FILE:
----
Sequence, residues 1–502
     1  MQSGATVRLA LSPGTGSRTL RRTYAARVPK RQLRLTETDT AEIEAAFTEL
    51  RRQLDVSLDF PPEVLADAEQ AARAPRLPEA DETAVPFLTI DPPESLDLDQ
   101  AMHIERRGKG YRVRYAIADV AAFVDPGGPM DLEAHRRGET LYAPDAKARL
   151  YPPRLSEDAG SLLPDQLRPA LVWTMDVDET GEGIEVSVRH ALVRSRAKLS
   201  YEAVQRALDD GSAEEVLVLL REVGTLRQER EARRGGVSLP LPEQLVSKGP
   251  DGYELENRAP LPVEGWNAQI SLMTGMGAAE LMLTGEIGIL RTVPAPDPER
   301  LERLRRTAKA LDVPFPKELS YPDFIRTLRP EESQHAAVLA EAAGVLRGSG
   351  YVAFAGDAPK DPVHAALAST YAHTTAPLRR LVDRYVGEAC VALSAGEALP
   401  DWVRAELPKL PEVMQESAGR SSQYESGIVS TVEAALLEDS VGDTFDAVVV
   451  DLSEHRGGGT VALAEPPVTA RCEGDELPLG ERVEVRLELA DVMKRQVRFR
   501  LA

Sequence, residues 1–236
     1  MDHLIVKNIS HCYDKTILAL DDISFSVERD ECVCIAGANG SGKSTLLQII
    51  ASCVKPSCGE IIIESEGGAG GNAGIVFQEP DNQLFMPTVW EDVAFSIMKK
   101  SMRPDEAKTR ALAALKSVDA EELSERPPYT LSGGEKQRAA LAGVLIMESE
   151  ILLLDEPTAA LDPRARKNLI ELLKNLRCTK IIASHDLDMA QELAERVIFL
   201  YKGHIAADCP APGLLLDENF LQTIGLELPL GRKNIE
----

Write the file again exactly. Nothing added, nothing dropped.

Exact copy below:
Sequence, residues 1–502
     1  MQSGATVRLA LSPGTGSRTL RRTYAARVPK RQLRLTETDT AEIEAAFTEL
    51  RRQLDVSLDF PPEVLADAEQ AARAPRLPEA DETAVPFLTI DPPESLDLDQ
   101  AMHIERRGKG YRVRYAIADV AAFVDPGGPM DLEAHRRGET LYAPDAKARL
   151  YPPRLSEDAG SLLPDQLRPA LVWTMDVDET GEGIEVSVRH ALVRSRAKLS
   201  YEAVQRALDD GSAEEVLVLL REVGTLRQER EARRGGVSLP LPEQLVSKGP
   251  DGYELENRAP LPVEGWNAQI SLMTGMGAAE LMLTGEIGIL RTVPAPDPER
   301  LERLRRTAKA LDVPFPKELS YPDFIRTLRP EESQHAAVLA EAAGVLRGSG
   351  YVAFAGDAPK DPVHAALAST YAHTTAPLRR LVDRYVGEAC VALSAGEALP
   401  DWVRAELPKL PEVMQESAGR SSQYESGIVS TVEAALLEDS VGDTFDAVVV
   451  DLSEHRGGGT VALAEPPVTA RCEGDELPLG ERVEVRLELA DVMKRQVRFR
   501  LA

Sequence, residues 1–236
     1  MDHLIVKNIS HCYDKTILAL DDISFSVERD ECVCIAGANG SGKSTLLQII
    51  ASCVKPSCGE IIIESEGGAG GNAGIVFQEP DNQLFMPTVW EDVAFSIMKK
   101  SMRPDEAKTR ALAALKSVDA EELSERPPYT LSGGEKQRAA LAGVLIMESE
   151  ILLLDEPTAA LDPRARKNLI ELLKNLRCTK IIASHDLDMA QELAERVIFL
   201  YKGHIAADCP APGLLLDENF LQTIGLELPL GRKNIE